Thursday, January 26, 2017
I really don't get the appeal. I mean, honestly. Not even at all.
Not because I'm a Democrat, because I don't self-identify that way these days. I find that party faintly embarrassing a significant portion of the time. Not because I'm a liberal, because, hey, liberals bend over backwards to try to find reasons the other guy might have a point. It's what we do. It's our superpower, and our hubris.
But because I love to tell stories. As part of the process of writing, I create characters. Or rather, I find myself getting to know them as they live into the tale I'm telling.
Here's what fuddles me: as a writer and storyteller, I just can't figure out how anyone...anywhere...thinks the man who is president is the hero of the story we're telling ourselves together right now.
Cast against the narratives of the science fiction I have loved since a boy, it's not hard to recognize the figures he most resembles. A Hutt, perhaps at some early stage of the evolution of that species. A Ferengi with a hairpiece, perhaps. He's certainly got the Ferengi skin tone down.
Or Jean Baptiste Emmanuel Zorg, his name glowing in lights at the top of Zorg tower, as he revels in and profits from the chaos he creates.
An entertaining persona, without question. But not a hero.
Perhaps Daddy Warbucks, in that he is rich and by the frame of that old story, rich is good. But that's as far as the comparison goes. Daddy Warbucks had the good grace to let himself go bald, the cartoon character looking rather less cartoonish than the flesh-and-blood man.
I go to spy thrillers, and here we have a morally questionable businessman who surrounds himself with beautiful women, is opposed by the CIA and MI-6, and took power with the support of the KGB and Russian operatives? If this were an Ian Fleming novel, we know which side James Bond would be on. Although there, while Fleming wasn't known for the subtlety of his characters, I'm not sure our POTUS-hair passes Bond-movie muster. Even in the Roger Moore era.
I go to tales of the supernatural, the character that pops most cleanly is Greg Stillson, the temperamental charismatic populist from the Dead Zone, who surrounded himself with bikers and flags and wandered around with a construction hat on his head. Only Stillson, well, at least he was a senator first.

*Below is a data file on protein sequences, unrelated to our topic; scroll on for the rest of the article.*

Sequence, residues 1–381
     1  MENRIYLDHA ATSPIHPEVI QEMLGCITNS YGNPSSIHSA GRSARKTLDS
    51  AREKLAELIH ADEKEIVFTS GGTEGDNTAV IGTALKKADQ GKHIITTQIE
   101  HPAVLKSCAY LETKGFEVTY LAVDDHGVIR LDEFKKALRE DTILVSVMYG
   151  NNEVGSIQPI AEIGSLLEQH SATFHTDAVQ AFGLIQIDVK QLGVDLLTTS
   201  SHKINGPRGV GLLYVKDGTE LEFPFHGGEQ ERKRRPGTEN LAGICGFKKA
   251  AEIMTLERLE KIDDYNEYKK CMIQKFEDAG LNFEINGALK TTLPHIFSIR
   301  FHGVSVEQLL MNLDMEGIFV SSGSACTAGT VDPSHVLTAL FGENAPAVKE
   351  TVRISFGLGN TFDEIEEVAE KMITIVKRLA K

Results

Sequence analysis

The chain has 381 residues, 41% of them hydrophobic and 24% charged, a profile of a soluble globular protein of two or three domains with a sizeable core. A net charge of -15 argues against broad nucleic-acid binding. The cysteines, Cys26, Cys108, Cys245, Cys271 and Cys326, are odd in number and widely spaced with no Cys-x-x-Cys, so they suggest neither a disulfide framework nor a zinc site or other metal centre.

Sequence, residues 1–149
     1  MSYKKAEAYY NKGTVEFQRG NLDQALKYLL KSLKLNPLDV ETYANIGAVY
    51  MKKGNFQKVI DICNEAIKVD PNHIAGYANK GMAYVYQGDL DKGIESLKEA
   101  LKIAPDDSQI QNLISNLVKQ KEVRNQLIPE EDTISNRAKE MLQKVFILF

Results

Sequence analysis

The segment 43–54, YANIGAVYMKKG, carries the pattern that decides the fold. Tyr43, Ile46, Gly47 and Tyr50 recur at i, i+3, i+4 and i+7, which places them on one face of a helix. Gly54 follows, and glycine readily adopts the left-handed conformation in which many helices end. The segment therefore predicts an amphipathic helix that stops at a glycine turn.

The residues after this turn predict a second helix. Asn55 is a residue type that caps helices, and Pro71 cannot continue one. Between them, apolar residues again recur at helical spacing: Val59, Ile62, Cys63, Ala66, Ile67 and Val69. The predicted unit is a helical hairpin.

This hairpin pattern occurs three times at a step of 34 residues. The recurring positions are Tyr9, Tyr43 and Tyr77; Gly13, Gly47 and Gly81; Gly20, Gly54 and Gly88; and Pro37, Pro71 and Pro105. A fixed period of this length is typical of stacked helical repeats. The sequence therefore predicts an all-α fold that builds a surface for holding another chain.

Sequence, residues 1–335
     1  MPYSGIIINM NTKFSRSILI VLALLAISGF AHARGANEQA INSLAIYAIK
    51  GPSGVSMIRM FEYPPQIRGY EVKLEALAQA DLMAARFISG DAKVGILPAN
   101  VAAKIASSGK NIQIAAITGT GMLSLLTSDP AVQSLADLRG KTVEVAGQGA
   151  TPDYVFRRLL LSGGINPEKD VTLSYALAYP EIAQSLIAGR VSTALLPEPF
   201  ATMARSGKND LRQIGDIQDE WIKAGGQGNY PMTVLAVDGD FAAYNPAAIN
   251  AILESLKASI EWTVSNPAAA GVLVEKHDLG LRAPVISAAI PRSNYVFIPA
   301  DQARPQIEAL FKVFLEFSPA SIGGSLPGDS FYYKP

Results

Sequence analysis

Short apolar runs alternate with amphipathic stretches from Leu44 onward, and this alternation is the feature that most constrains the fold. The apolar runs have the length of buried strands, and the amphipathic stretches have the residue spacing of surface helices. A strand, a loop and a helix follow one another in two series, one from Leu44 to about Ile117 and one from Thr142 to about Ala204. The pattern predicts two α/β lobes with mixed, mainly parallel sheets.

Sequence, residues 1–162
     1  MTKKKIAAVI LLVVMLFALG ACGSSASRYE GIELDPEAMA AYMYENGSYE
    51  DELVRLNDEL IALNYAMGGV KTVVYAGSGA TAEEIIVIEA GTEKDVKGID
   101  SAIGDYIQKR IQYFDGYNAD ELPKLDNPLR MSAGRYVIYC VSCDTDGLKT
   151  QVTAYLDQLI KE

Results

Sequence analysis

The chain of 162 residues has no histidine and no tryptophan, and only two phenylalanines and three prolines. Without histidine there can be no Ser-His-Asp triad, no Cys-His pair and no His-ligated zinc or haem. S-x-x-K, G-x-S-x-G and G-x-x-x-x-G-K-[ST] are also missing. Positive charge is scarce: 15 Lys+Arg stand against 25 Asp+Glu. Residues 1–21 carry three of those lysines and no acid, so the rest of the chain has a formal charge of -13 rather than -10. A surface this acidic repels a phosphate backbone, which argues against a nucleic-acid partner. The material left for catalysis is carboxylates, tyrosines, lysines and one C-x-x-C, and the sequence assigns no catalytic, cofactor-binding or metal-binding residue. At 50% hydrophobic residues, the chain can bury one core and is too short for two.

Maybe something written by Ayn Rand, whose dismal and borderline unreadable Objectivist parable/rants celebrate selfishness and the wealthy. But Rand's heroes are uniformly cold, rigid, and calculating, ubermensch who tower above the fray, gazing down on lesser mortals with contempt. They aren't at all *needy.*
I go to history itself, the story of humankind thus far, and there are other characters like him. No, not Hitler. Sweet Lord Jesus, everyone isn't Hitler. He really is nothing at all like Hitler as a person. But he's a whole bunch like Mussolini. Now, I'll admit, there was always something faintly appealing about Il Duce. He wasn't as coldly evil, and occasionally sympathetic in his needy posturing bravado. But he wasn't a hero.
And when I go to my sacred book, the story of stories that is the narrative foundation of my Christian faith, it doesn't get any easier. Though he may share an appetite for women, he's certainly not David, the warrior poet with a soft heart. David felt guilt. David had a passionate, intense, anguished faith.
Though he builds things, he is also not Solomon, because wisdom understood in Biblical terms is careful, measured, and magnanimous. Wisdom builds bridges. Wisdom is not disruptive or impulsive.
And he is the self-evident antithesis of Jesus of Nazareth, and bears no resemblance to Paul or any other of the disciples or apostles.
He's like Nero, a man of appetites, a natural entertainer, beloved by the masses and despised by the erudite and the learned. He's like Herod the Great, with his messy family and his moods and his ego and his reputation for building big gaudy edifices to himself.
Hmmm. Now that I think about it, maybe Herod...not Antipas, but the Great...is the closest scriptural analog. He certainly was committed to making Judah Great again, and was equally the puppet of a foreign power.
But the Herodians were not...cough...not the heroes of the Bible.
So maybe we're looking at a mashup of Jean Baptiste Emmanuel Zorg, Herod the Great, and Benito Mussolini, in a tale told by Ayn Rand.
Still not the sort of story I'd think we'd want to have a hand in writing.